Additional information about West Nile virus can be found on the Kane County Health Department’s website at www.kanehealth.com/west_nile.htm, the Illinois Department of Public Health’s website at www.idph.state.il.us/envhealth/wnv.htm. People also can call the IDPH West Nile Virus Hotline at 866-369-9710 Monday through Friday from 8 a.m. to 5 p.m.

Forest Preserve makes first 2011 referendum investment

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GENEVA—The Forest Preserve District of Kane County expanded Meissner-Corron Forest Preserve last week, adding approximately 350 acres to the preserve.

The property, in Plato and Campton townships, is the first to be purchased with 2011 referendum funds. In April, Kane County voters approved a $30 million referendum for land acquisition and preserve improvements.

“We are happy to be able to make this investment,” Forest Preserve District Executive Director Monica Meyers said. “The new property borders Meissner-Corron Forest Preserve to the west and south, creating a 616-acre preserve. In addition to the expansion, the acquisition gives the district a chance to enhance the protection of high-quality natural areas that already exist at the original preserve.”

Meissner-Corron Forest Preserve contains a wetland with more than 50 native species, including some extremely rare wildflowers, lilies and orchids. The new acquisition will help provide a buffer for this botanically significant area.

“When this purchase is viewed with existing Forest Preserve holdings and Campton Open Space property, we are creating an approximately 860-acre complex of open space,” said Ben Haberthur, restoration ecologist for the Forest Preserve District.

“This acquisition places a buffer around the high-quality Russell Prairie remnant, currently in the process of being dedicated as an Illinois Nature Preserve. Plus, due to the previously linear shape of Meissner-Corron, much of the wildlife habitat occurred on the edges of the preserve. This preserve addition accommodates the potential creation of larger blocks of habitat,” Haberthur said.

In addition to the natural resources benefits, Forest Preserve President John J. Hoscheit highlighted potential tax savings.

“The district appreciates the cooperation of the city of Elgin in this acquisition. As we gave our public presentations in advance of the referendum, this was one of the parcels mentioned most often. It was originally zoned and annexed by Elgin with the prospect of hundreds of homes to be built. That would have required the construction of additional schools and other supporting infrastructure. Now that the property will be preserved forever as open space, those costs will be avoided,” Hoscheit said. “For these reasons and because the acreage was adjacent to Meissner-Corron, this property was at the top of our list,” he said.

Tips to Care for Storm-Damaged Trees from Illinois Arborist Association

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Recent storms remind that simple steps taken now can have a lasting positive impact
ANTIOCH, Ill.—Devastating tornados and storms ravaged much of the Midwest in recent days. The trail of destruction included thousands of trees either severely damaged or at least impacted by Mother Nature. Unprotected trees that are damaged may appear to have fatal wounds. However, though major branches may be broken, or the bark may be torn and gouged, trees have an amazing ability to recover from even the most severe cases.

First aid for damaged trees after a major storm can help trees recover, urges the Illinois Arborist Association (IAA), the local chapter of the International Society of Arboriculture (ISA). Residents are encouraged to follow a few simple tree first aid procedures:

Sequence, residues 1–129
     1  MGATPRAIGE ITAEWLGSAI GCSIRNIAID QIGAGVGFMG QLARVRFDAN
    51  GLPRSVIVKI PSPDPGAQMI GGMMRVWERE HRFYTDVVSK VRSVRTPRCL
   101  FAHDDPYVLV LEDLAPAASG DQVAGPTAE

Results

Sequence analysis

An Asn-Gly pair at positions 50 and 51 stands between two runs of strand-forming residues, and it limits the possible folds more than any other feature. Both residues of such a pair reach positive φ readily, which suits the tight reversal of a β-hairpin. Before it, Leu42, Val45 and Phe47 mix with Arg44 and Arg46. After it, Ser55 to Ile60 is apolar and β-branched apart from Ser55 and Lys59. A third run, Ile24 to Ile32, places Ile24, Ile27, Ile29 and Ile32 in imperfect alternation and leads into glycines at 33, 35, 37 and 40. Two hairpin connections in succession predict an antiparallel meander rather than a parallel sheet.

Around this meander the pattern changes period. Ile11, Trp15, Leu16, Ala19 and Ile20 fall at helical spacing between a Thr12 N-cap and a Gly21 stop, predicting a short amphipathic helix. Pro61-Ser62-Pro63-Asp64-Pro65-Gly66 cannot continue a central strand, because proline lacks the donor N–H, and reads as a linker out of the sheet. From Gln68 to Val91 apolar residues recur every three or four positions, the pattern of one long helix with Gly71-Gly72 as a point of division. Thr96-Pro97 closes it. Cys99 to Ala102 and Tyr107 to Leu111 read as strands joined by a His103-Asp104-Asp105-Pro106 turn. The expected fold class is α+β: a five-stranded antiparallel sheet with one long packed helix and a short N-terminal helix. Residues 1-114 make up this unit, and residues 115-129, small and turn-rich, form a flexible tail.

1. Do not try to do it all yourself. If large limbs are broken or hanging, or if ladder or overhead chain saw work is needed, it is a job for an ISA-Certified Arborist.

2. Take safety precautions. Look up and look down. Be on the alert and stay away from downed utility lines and dangerous hanging branches which look ready to fall.

3. Assess the damages. Evaluate your trees carefully by asking: Other than the wind damage, is the tree basically healthy and vigorous? Are major limbs still remaining? Is at least 50 percent of the tree’s crown (branches and leaves) still intact? Are there remaining branches that can form a new branch structure? If you answered “yes” to the majority of these questions, there is a good chance for complete recovery. Contact an ISA Certified Arborist to determine the tree’s exact condition.

4. Remove any broken branches or stubs still attached to the tree. Remove the jagged remains of smaller sized broken limbs to minimize the risk of decay. Prune smaller branches at the point where they join larger ones. For larger broken branches, a professional arborist who has the necessary equipment and knowledge should cut them back to the trunk or a main limb.

5. Resist the urge to over-prune. Do not worry if the tree’s appearance is not perfect. With branches gone, your trees may look unbalanced or naked. You will be surprised at how fast they will heal, grow new foliage, and return to their natural beauty.

6. Do not top your trees. Professional arborists say that “topping,” the cutting of main branches back to stubs, is extremely harmful and unhealthy for trees. Stubs often grow back many weakly attached branches that are higher and are more likely to break when a storm strikes. Also, topping reduces the amount of foliage, on which the tree depends for the food and nourishment needed for re-growth. A topped tree that has already sustained major storm damage is more likely to die than repair itself.

A qualified tree care professional can assist you with the damages and will perform the job safely. To locate a certified arborist in your area, contact the IAA at (877) 617-8887 or visit www.illinoisarborist.org.

Illinois Arborist
Association background

The Illinois Arborist Association is a non-profit organization that educates members and the general public in proper tree care. IAA supports research on trees and is based on the mission to “Foster interest, establish standards, exchange professional ideas and pursue scientific research in Arboriculture.”